Facebook shares were down as much as 19.6% at $174.78 in early trading, a decline that would wipe about $124bn off the company’s value — or nearly four times the entire market capitalisation of Twitter Inc Facebook’s second-quarter results were the first sign that a new European privacy law and a string of privacy scandals involving Cambridge Analytica and other app developers are hitting the company’s business. Facebook also warned that the toll would not be offset by revenue growth from emerging markets and the company’s Instagram app, which has been less affected by privacy concerns.
Describing the announcements as “bombshells”, Baird analysts said the issues were to a large degree “self-inflicted” as Facebook sacrifices its core app monetisation to drive usage. Of 47 analysts covering Facebook, 43 rate the stock as “buy”, two rate it “hold” and two rate it “sell”. Their median target price is $219.30. MoffettNathanson analysts called the company’s forecast “either the new economic reality of their business model or a very public act of self-immolation to stave off further regulatory pressure”. The $15.8bn in net worth that Zuckerberg stands to lose in the move is equal to the wealth of the world’s 81st-richest person, currently Japanese businessman Takemitsu Takizaki, according to Forbes real time data.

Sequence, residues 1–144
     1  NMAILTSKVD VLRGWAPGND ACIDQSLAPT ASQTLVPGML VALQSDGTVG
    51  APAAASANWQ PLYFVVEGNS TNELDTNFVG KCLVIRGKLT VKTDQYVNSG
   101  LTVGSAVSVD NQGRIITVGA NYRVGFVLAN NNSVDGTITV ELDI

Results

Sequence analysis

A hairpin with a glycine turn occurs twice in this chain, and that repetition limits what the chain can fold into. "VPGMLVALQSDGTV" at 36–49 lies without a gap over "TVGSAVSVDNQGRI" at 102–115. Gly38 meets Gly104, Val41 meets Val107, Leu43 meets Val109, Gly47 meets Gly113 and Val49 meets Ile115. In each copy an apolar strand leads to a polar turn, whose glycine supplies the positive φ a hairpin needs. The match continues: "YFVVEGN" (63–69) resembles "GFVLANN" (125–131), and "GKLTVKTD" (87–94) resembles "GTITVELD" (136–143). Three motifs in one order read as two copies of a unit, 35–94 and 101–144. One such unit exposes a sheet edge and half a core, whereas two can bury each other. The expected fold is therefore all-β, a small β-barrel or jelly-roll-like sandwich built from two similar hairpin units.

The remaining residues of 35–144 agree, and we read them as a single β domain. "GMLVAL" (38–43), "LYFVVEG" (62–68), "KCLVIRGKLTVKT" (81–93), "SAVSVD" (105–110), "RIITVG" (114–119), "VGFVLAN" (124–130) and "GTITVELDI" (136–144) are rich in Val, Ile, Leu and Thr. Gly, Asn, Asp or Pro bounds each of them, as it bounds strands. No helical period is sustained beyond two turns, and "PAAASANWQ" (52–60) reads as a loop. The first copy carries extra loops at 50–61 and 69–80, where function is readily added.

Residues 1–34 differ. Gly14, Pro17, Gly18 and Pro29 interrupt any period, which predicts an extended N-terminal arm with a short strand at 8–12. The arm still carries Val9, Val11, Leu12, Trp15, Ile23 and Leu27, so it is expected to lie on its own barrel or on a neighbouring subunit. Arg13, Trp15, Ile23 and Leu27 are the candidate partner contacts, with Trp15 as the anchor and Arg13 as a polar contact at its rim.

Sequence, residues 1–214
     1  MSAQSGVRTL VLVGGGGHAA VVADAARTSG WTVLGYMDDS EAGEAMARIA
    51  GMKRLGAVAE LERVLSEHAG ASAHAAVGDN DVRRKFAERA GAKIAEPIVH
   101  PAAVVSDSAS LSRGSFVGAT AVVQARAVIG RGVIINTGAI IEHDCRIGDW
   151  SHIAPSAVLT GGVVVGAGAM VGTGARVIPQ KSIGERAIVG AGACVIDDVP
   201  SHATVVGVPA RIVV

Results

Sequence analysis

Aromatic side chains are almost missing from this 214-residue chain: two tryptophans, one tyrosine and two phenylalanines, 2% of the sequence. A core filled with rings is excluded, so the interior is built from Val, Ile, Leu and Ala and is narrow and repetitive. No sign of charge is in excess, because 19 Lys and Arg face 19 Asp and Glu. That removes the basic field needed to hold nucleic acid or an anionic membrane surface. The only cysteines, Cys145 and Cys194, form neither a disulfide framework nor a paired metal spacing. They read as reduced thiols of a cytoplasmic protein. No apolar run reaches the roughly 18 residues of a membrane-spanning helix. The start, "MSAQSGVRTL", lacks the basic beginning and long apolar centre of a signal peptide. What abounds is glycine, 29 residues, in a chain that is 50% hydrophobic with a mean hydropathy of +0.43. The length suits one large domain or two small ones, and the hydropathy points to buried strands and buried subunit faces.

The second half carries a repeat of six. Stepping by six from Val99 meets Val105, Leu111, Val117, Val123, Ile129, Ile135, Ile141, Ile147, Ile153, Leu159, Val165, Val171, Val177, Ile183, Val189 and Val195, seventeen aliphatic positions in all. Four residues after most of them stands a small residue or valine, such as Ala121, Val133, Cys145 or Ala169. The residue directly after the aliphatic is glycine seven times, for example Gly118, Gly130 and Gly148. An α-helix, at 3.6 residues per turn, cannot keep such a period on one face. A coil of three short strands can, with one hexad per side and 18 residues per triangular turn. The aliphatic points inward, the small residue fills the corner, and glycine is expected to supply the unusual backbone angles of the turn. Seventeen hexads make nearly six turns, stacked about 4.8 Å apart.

Some analysts said Facebook’s issues would not be easily resolved. “Unlike Netflix, whose quarterly shortfall we saw as temporary, here we see an evolution of the story, albeit a portion of which we expected,” said Daniel Salmon, analyst at BMO Capital Markets. Others, however, saw a silver lining in Facebook’s emphasis on more engaging content and its promotion of stories on its News Feed, which would support revenue over the longer term. “Bears win this quarter… but not the war,” said Brent Thill, an analyst with Jefferies.
Sources and photo-credits: Reuters, Gulf Times